$$ {MRS}_C=\sum \limits_{i=1}^{i=3}{S}_i\times {W}_i $$

where MRSc is the medical resource score of a city, i is the level of medical institution, Si is the score of each level, W is the weight of each level, u is the category of the medical institutions in each level, ∑Niu is the total number of medical institutions of all categories at a certain level, ∑Niumax is the maximum total number of medical institutions of all categories at a certain level in each city, P is the permanent population of a city, and Pmax is the permanent population of the city with the maximum number of medical institutions at a certain level.

Fig. 3
figure 3

Correlation between the total number of tertiary medical institutions and the resident population served by each such institution

Scoring results analysis and evaluation method

GWR model used in this study

To explore the spatially varying relationship between MRSc and population as well as MRSc and GDP, this study used a GWR model. The GWR model considers parameters that vary geographically and spatially, in contrast to linear regression models. Application of a GWR to sampled data allows predictions by assigning classes of elements containing all explanatory variables for locations for which the dependent variable is unknown. Local parameters were used in the GWR model, which can be expressed with the following equations:

$$ {y}_i={\upbeta}_0\left({u}_i,{v}_i\right)+\sum \limits_{k=1}^p{\upbeta}_k\left({u}_i,{v}_i\right){x}_{k,i}+{\upvarepsilon}_i $$

where yi is the dependent variable, xk, i is the independent variable, εi is the random error term, (ui, vi) is the spatial location to which sample i belongs, and β0(ui, vi) is the model intercept.

The kernel type used a Gaussian weighted kernel function, which was expressed as follows:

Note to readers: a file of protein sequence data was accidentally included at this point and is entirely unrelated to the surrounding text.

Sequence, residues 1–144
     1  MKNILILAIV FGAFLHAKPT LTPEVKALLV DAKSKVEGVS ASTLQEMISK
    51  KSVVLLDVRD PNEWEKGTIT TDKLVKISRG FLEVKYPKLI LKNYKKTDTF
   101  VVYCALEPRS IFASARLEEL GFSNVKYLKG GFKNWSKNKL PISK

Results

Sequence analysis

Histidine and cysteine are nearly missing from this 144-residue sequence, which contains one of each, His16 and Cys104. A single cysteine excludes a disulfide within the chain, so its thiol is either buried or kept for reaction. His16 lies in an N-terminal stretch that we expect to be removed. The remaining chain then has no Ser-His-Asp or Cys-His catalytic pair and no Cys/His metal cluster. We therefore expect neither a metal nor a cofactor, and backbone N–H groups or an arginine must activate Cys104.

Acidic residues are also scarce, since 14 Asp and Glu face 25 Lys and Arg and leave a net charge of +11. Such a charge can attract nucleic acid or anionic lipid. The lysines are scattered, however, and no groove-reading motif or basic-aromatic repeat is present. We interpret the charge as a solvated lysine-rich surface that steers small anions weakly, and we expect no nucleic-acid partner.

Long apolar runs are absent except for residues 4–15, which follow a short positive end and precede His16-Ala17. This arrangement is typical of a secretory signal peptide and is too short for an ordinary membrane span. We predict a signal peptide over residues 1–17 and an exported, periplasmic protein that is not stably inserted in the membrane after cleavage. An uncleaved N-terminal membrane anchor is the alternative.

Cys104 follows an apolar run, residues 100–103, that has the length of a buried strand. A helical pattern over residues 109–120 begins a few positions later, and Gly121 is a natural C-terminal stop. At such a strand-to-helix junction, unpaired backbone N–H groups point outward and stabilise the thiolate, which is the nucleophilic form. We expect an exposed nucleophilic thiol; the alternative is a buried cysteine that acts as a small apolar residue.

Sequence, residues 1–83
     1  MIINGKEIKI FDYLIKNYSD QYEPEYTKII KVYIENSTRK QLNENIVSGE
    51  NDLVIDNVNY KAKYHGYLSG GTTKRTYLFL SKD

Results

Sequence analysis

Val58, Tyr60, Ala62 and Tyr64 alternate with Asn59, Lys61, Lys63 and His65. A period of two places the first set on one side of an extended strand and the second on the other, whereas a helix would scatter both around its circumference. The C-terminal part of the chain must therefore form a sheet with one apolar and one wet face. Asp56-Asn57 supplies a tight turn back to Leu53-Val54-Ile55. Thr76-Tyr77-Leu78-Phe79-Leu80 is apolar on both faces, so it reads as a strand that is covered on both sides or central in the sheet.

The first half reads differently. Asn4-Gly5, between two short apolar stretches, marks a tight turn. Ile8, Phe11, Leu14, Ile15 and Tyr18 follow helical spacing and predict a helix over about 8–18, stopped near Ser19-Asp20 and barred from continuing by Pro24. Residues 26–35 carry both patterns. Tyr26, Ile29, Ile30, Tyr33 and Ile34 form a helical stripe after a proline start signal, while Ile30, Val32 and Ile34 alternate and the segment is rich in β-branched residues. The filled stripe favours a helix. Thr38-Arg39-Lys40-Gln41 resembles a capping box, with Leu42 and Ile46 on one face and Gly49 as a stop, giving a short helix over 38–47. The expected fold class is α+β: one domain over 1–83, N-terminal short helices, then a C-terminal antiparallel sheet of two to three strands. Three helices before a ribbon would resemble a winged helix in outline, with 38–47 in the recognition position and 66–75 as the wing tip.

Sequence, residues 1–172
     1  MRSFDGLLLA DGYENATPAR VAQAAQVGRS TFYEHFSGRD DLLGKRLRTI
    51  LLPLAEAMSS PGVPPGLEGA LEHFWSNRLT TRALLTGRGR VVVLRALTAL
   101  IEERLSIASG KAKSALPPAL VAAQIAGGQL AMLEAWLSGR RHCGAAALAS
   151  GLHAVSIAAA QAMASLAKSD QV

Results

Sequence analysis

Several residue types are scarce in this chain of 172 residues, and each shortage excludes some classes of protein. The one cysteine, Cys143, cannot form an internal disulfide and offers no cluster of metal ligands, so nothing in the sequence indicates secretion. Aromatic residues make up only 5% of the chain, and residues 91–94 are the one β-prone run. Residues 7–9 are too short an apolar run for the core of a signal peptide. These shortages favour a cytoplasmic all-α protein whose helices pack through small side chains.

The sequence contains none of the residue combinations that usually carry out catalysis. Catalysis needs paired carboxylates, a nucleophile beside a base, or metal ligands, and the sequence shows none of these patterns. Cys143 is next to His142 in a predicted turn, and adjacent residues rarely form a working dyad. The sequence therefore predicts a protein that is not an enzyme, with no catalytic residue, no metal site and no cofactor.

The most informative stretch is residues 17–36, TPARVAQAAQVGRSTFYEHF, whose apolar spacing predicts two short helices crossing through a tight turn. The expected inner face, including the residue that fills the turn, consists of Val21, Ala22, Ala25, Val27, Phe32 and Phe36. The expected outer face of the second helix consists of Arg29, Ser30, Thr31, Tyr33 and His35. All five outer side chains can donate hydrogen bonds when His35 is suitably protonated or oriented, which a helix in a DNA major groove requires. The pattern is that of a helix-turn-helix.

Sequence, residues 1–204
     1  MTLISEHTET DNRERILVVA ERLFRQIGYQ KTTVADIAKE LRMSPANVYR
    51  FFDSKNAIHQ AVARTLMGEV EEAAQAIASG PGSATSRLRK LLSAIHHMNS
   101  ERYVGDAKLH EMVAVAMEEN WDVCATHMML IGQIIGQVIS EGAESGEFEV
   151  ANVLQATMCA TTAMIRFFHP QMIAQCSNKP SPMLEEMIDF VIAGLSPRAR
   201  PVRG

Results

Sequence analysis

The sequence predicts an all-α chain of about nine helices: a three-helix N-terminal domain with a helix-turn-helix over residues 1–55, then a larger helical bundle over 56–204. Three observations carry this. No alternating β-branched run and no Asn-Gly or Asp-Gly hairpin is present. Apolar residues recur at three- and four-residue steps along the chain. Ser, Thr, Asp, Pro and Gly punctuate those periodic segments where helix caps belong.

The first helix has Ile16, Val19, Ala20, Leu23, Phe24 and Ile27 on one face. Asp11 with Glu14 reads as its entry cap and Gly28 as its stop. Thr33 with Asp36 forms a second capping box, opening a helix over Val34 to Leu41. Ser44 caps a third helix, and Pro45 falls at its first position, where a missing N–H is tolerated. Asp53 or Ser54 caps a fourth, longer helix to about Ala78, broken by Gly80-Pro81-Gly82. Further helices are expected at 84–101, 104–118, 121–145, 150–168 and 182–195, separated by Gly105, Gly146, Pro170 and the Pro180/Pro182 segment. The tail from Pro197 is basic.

$$ {w}_{ij}={e}^{\frac{-{d_{ij}}^2}{b^2}} $$

where dij is the Euclidean distance between the points, and b is the kernel bandwidth. In this study, the Akaike information criterion (AIC) was used to select the best bandwidth and the best model; models with lower AIC outperformed the other models [24].

Medical resource primacy ratio

The city primacy ratio can characterize the size of a city and its influence on its surroundings [25]. This work defines the medical resource primacy ratio as the ratio of MRSc of the primate city of each province to that of the secondary city. This ratio can represent the degree of concentration of medical resources in the primate city of each province to some extent, which was expressed as follows:

$$ R=\frac{M_1}{M_2} $$

where R is medical resource primacy ratio, M1 is the medical resources score of primate city; M2 is the medical resources score of secondary city.

Kernel density estimation

Kernel density estimation (KDE) is a method for solving the distribution density of a given sample set, which takes into account the decay effect of spatial distance. This method can effectively characterize the aggregated distribution of spatial entities, which is characterized by a closer distance to the core elements, larger kernel density value, and gradually decreasing kernel density value with increasing central radiation distance, and the spatial influence domain of geographic phenomena is characterized by the local space within the attenuation bandwidth. This is a nonparametric test to characterize the spatial influence domain of geographic phenomena through the local space within the attenuation bandwidth, which was expressed as follows:

$$ {f}_h(p)=\sum \limits_{i=1}^n\frac{1}{nh^2}k\left(\frac{p-{p}_i}{h}\right) $$

where fh(p) is the kernel density calculation function at position p in space; h is the bandwidth (also known as window width or smoothing parameter); n is the number of entities whose distance from position p is less than or equal to h; k(.) function represents the kernel probability density function, usually chosen with a variance of the standard Gaussian kernel function with the variance σ2. This work uses KDE to analyze the distribution and aggregation of high-quality medical resources (medical resources at levels I and II) in cities.


Medical resource scoring

The 369 administrative units in China were scored according to the evaluation method explained in Section 3.2, and the results for the major cities are shown in Table 3 (the complete set of results appears in Additional file 1). The table showing the scoring results contains indicators such as city level, score, and ranking. The complete list of Chinese cities graded in 2019 was published by the First Financial Magazine. This list contained 337 cities divided into five grades, including four first-, 15 new first-, and 30 s-, 70 third-, 90 fourth-, and 128 fifth-tier cities. The city ranking framework included the following five indicators: business resource concentration, city pivotality, people activity, lifestyle diversity, and future malleability.